Mr Wainwright said that in most current investigations the use of encrypted communications was found to be central to the way terrorists operated.

“It’s become perhaps the biggest problem for the police and the security service authorities in dealing with the threats from terrorism,” he explained.

“It’s changed the very nature of counter terrorist work from one that has been traditionally reliant on having good monitoring capability of communications to one that essentially doesn’t provide that anymore.”

Mr Wainwright, whose organisation supports police forces in Europe, said terrorists were exploiting the “dark net”, where users can go online anonymously, away from the gaze of police and security services.

But he is also concerned at moves by companies such as Apple to allow customers to encrypt data on their smartphones.

And the development of heavily encrypted instant messaging apps is another cause for concern, he said. This meant people could send text and voice messages which police found very difficult or impossible to access, he said.

“We are disappointed by the position taken by these tech firms and it only adds to our problems in getting to the communications of the most dangerous people that are abusing the internet.

“Tech firms are doing it, I suppose, because of a commercial imperative driven by what they perceive to be consumer demand for greater privacy of their communications.”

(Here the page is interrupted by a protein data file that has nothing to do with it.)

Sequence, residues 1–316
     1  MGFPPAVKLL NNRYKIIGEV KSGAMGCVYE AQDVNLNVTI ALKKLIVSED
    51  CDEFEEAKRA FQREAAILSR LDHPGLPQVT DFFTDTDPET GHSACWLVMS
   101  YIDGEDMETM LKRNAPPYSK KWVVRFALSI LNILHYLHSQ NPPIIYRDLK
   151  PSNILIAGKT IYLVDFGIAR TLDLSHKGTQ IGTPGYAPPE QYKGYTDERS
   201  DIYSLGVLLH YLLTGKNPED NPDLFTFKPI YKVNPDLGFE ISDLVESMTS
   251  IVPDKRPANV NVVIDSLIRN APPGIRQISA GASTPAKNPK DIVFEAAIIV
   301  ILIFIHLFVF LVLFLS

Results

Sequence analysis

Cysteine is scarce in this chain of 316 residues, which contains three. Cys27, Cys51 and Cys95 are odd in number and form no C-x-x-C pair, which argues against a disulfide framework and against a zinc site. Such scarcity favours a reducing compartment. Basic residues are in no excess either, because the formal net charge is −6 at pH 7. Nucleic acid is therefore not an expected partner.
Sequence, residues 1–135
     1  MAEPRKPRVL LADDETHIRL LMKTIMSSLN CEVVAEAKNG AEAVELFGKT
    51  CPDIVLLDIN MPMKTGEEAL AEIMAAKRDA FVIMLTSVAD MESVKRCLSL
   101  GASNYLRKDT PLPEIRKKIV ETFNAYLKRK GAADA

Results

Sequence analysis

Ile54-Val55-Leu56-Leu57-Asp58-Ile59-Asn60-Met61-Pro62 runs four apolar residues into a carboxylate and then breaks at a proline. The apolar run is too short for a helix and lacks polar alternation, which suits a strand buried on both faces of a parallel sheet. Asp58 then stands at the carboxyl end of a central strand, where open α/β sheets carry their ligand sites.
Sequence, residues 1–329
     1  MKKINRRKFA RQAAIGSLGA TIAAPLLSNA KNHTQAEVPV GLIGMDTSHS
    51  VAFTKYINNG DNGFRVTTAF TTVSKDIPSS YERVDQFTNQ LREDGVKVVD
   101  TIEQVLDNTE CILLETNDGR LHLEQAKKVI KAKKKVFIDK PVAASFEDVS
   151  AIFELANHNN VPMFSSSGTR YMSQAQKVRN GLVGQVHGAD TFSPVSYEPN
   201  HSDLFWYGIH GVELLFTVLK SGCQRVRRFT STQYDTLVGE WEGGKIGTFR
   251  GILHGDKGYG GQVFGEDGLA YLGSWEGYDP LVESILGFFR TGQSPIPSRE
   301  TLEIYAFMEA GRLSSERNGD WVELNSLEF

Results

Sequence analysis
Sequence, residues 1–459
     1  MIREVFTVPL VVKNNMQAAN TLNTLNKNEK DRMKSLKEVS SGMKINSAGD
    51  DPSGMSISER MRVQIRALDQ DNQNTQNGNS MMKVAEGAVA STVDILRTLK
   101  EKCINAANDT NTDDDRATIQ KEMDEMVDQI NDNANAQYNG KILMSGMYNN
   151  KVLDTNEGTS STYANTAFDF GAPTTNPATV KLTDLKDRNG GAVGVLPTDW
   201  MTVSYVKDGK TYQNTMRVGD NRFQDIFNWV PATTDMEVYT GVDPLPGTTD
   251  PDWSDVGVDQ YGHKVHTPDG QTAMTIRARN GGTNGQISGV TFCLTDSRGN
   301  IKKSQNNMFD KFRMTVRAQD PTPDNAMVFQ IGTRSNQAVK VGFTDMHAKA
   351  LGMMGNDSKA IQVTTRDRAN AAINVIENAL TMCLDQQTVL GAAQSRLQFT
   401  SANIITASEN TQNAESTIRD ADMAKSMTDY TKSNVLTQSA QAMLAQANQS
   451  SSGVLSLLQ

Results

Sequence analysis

Mr Wainwright acknowledged this was a result of the revelations by former National Security Agency contractor Edward Snowden, who exposed how security services were conducting widespread surveillance of emails and messages.

He said security agencies now had to work to rebuild trust between technology firms and the authorities.

The extent of the challenge faced by security services is shown in the scale of social media use by IS.

The programme also found evidence that supporters of ISIS are using encrypted sites to radicalise or groom new recruits.

Mr Wainwright revealed that ISIS is believed to have up to 50,000 different Twitter accounts tweeting up to 100,000 messages a day.

Europol is now setting up a European Internet Referral Unit to identify and remove sites being used by terrorist organisations.

Mr Wainwright also says current laws are “deficient” and should be reviewed to ensure security agencies are able to monitor all areas of the online world.

“There is a significant capability gap that has to change if we’re serious about ensuring the internet isn’t abused and effectively enhancing the terrorist threat.

“We have to make sure we reach the right balance by ensuring the fundamental principles of privacy are upheld so there’s a lot of work for legislators and tech firms to do.”

Smaller broadband companies are better

March 18, 2015 By: Dr Search Principal Consultant at the Search Clinic Category: Broadband, Customer Service, Dr Search, internet, Search Clinic, Technology Companies, Telecommunications Companies, Uncategorized

Customers of smaller broadband companies are much happier than those of the big three BT, Sky and TalkTalk according to the consumer group, Which?

Smaller broadband companies are betterThe three largest providers received customer satisfaction scores below 50% in a survey.